The mood was buoyant at the New York Times Travel show
last week, which featured 500 destinations in 150 countries, but tensions in North Africa and the Middle East, soaring crude oil prices
and airline fare hikes were making headlines as travel
agents and tourist officials publicized their destinations.
United, Continental, American, Delta and US Airways all announced recent fare increases and travel experts fear more are still to come.
"The big trend that is about to hit us is the rise in the price of oil. It is going to underlie everything," travel writer Pauline Frommer predicted in an interview. "That's the dragon looming on the horizon."
She usually advises travelers to wait a bit before buying a ticket to see what airlines are offering, but not anymore. She fears further price hikes could be devastating for the travel industry.
"We have already seen four upticks in the price of airfare just in the last month and a half, so I say buy your airfares now." said Frommer. "If oil goes higher there is no way the cost of tickets isn't going to skyrocket."
For author and European travel expert Rick Steves every indication is that things are on the uptake in the industry, with sales of his books having recouped to 2008 levels.
In a good year 12 million Americans set off for Europe but even in hard times the region attracts 10 million Americans, according to Steves.
Italy is the European destination of choice for Americans, and Paris is the favorite city. And despite its economic and political woes, travel to Ireland is also strong.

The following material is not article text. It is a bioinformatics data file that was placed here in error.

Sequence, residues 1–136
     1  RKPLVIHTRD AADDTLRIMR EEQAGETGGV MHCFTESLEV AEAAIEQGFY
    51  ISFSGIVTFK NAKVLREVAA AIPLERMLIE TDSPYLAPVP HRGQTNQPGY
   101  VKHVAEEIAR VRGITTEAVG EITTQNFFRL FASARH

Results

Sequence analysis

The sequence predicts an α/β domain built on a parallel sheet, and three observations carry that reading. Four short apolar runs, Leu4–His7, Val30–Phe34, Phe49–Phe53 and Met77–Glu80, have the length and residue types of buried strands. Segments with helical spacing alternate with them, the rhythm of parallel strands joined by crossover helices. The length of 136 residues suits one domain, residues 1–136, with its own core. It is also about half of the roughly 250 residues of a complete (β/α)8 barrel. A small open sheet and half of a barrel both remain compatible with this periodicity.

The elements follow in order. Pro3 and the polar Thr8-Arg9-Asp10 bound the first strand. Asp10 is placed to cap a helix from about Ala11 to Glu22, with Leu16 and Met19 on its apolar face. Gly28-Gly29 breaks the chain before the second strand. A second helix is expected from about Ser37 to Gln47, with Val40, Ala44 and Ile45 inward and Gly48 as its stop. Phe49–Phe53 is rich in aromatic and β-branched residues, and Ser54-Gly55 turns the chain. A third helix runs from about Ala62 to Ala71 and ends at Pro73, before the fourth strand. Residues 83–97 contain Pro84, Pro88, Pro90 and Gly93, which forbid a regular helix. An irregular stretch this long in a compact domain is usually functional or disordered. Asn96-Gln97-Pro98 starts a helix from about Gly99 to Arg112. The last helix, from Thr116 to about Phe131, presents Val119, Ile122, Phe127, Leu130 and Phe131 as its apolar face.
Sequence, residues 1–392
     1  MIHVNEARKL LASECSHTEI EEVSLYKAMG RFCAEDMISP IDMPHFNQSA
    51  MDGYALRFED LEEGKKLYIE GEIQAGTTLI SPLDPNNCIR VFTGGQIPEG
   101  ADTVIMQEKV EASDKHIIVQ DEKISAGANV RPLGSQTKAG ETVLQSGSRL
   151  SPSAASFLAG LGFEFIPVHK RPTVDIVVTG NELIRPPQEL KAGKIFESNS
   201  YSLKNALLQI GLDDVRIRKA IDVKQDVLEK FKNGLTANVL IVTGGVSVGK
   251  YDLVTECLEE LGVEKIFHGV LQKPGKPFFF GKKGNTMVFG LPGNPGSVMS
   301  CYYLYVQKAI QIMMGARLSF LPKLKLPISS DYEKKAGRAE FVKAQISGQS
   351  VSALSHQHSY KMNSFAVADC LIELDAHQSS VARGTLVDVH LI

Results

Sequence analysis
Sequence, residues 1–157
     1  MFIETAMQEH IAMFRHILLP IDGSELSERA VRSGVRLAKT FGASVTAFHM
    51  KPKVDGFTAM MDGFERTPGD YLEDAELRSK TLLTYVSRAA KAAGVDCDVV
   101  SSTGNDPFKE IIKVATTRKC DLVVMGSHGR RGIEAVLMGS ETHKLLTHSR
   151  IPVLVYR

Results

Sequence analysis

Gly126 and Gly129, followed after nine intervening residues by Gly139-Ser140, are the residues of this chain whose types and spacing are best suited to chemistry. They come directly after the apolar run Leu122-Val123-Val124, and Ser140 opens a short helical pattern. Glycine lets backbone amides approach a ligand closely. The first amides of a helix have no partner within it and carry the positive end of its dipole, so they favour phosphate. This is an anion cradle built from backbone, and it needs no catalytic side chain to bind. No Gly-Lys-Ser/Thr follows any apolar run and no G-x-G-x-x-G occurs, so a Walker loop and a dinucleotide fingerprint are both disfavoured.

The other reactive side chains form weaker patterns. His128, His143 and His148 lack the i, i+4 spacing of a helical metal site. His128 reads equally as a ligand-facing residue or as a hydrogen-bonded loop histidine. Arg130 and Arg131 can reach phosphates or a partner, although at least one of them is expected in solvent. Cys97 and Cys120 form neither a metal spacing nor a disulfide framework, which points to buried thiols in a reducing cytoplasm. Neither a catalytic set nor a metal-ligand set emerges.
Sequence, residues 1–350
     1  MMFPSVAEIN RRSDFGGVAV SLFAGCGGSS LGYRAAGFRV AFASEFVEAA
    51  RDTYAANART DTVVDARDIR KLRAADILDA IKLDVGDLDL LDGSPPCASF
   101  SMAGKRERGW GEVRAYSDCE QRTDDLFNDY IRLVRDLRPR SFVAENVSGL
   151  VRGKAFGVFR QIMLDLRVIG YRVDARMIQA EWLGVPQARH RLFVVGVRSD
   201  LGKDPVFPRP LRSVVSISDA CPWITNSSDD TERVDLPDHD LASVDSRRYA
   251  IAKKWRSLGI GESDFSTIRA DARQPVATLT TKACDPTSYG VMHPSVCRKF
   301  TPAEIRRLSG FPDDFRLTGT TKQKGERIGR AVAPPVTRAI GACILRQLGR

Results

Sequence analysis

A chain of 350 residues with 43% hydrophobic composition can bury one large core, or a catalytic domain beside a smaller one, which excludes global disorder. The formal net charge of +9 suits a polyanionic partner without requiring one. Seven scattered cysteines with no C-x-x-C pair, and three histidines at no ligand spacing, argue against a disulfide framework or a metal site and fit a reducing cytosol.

"We call it Italy, with rain," said Steves.
But despite all the positive signs, he is also conscious of the impact of fare hikes.
"If flights go from $1,000 to $1500, that is a real problem for a lot of people," he explained.
Like Steves, Corinne Ng, vice-president strategic partnerships American Express Consumer Travel Network USA, is enjoying the bounce back in the industry.
"We're seeing all markets, primarily international, are up," said Ng, adding there is also a demand for warmer destinations, particularly Mexico and the Caribbean.
"The highest growth year to date is Europe, specifically Italy. It is coming back in strong double digit growth," she added. "People want to get away. There is still a lot of pent up demand."
The biggest indicator of good times for Ng is a rise in the number of travelers booking 90 days in advance, which has seen impressive growth.
Ng also advises travelers to book trips now. Even if there aren't more fare hikes an increase in demand will mean the best deals will go quickly.
"It is too soon to speculate but our hopes are that people continue to travel frequently and that the upswing that started in 2010 is maintained," she said.